Epiphany 2022

Crosswords in Epiphany

Everyone has a butterfly story. Perhaps it should be saved until Easter, but mine happened now.

I enjoy some of the PBS specials following the 7:00pm nightly news. Last week the NOVA special “Butterfly Blueprint” took me by surprise. After watching the show, I felt like I had just heard a powerful sermon. The program included several scientists around the country and world who are studying butterflies. The University of Michigan, The Paris Institute of Nanoscience, a site in Germany, and the University of Rochester, NY are included. 

I guess the topic for me is “Science and Religion.” The photography of moths and butterflies from around the planet was itself inspirational. I think I heard that there are 160,000 species of butterflies. Amazing beauty and variety of colors and designs! Who created all of these? I am familiar with the more common Monarch, but the hundreds of others are overwhelming.

This past Summer I was sitting in an Adirondack chair in the front yard enjoying the warm sun shine, and a Monarch fluttered around and then landed on the arm of the chair as if to say, “Well, hello there! I’m glad you’re back home.” I felt a connection to this lovely delicate creature and his/her visitation out of nowhere. I keep a patch of Milkweed out back and this year noticed a few more of these mysterious beings around, especially in the gardens.

I am reminded of the source of silk thread as I heard about the research at Tufts University on the use of a derivative in human transplants. Then there are the experiments on wings from the Glass Wing and Cabbage White for improved solar panels. Or the possibility of implants to treat Glaucoma. Or a genetic component to detect chemical warfare. The list goes on.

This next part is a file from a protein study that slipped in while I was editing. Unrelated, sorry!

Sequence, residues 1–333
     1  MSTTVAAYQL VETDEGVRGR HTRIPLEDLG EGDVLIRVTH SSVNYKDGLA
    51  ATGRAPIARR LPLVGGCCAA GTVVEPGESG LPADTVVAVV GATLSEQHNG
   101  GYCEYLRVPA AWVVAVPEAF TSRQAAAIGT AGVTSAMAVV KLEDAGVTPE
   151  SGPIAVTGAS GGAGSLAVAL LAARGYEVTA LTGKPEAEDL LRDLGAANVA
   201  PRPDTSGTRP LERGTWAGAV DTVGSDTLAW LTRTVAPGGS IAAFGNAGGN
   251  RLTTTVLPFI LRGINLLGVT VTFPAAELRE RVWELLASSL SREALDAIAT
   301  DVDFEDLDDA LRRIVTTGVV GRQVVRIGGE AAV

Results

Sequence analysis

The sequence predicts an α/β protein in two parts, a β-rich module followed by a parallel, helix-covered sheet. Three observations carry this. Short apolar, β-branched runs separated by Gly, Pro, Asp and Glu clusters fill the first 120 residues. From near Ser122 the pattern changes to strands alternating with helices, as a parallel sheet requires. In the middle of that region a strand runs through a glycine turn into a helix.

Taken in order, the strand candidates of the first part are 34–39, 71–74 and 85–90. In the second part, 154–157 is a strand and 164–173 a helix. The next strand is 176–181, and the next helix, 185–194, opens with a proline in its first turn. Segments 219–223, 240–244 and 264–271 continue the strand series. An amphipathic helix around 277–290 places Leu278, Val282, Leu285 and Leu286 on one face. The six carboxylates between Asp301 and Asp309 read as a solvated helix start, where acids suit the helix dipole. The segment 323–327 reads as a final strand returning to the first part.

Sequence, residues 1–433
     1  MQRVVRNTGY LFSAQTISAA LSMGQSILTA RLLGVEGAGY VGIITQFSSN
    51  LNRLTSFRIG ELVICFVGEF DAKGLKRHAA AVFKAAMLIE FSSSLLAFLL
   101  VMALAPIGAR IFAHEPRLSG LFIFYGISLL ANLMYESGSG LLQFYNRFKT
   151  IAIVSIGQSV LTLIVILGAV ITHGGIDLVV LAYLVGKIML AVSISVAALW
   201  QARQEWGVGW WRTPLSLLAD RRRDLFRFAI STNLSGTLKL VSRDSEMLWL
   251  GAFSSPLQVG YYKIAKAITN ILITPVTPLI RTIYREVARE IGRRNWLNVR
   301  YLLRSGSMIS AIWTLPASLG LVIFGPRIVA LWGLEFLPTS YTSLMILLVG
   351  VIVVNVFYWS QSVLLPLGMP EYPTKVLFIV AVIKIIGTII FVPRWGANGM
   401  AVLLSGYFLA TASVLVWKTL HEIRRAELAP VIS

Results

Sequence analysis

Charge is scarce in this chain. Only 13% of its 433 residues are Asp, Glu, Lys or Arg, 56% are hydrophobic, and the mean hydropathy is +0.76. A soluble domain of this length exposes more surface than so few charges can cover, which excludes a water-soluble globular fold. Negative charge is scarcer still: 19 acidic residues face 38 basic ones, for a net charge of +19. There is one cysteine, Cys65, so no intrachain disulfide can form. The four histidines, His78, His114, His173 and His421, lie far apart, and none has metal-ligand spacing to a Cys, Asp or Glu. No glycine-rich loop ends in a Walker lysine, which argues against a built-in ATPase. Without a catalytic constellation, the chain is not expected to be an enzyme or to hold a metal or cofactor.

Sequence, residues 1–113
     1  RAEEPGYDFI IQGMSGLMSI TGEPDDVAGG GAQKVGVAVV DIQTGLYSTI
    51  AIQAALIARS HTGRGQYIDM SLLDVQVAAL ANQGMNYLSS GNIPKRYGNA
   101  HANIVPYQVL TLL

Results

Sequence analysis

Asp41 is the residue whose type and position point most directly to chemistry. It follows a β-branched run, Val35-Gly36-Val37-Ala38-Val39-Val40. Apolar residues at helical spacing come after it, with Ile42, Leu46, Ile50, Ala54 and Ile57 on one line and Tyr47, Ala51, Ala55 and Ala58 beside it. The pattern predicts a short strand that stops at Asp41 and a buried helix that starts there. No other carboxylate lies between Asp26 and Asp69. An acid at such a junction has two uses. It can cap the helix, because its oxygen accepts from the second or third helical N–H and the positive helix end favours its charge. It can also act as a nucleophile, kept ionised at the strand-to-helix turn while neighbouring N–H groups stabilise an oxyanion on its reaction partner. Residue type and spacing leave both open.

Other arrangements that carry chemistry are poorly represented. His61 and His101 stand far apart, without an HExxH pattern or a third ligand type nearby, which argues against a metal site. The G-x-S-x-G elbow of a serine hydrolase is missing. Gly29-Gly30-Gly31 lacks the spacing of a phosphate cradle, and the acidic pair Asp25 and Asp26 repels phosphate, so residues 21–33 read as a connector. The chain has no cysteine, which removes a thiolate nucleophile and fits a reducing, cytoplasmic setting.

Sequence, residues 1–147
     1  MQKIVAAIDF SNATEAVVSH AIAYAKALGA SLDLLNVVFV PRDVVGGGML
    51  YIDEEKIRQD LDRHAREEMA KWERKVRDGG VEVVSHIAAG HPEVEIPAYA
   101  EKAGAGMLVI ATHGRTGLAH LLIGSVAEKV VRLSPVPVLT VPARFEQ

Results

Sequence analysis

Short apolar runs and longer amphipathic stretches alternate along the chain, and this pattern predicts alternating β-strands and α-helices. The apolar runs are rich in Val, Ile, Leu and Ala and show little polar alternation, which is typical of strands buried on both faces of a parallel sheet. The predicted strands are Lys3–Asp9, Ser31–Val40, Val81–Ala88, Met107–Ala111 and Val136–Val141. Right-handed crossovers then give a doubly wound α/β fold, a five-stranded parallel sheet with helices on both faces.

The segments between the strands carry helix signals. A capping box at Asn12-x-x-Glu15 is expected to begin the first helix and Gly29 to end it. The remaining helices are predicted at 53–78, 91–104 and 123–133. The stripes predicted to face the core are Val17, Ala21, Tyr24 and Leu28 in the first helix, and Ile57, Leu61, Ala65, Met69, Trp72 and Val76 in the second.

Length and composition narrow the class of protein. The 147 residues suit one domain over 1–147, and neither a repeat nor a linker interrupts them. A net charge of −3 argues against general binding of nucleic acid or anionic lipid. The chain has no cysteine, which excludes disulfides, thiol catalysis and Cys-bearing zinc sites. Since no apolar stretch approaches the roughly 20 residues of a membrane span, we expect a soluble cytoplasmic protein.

A year ago I was at Schoodic to see the surf, I thought. As I wandered around the granite ledges, I spotted a Monarch playing in a small outcrop of thistles. I took out my phone and the lovely orange and black resident captured my attention and camera lens for an extended time. Another sermon unaware, connecting me unexpectedly to the very ground of my being.

The 3,000 mile migration trek through genetic temperature sensitivity defies my small mind.

I am reminded how important it is to be grounded in the Creator’s beautiful and complex Creation. The interrelationship of butterflies to the ecosystem of the planet makes me think about being a better steward in small ways I can. During these days of depressing COVID chaos and controversy from disease and disaster all around, learning from that fragile fluttering friend can connect me to this beautifully designed Creation and the source of my life and Love.

Blessed to be sharing “this fragile earth, our island home,”  Fr. Rick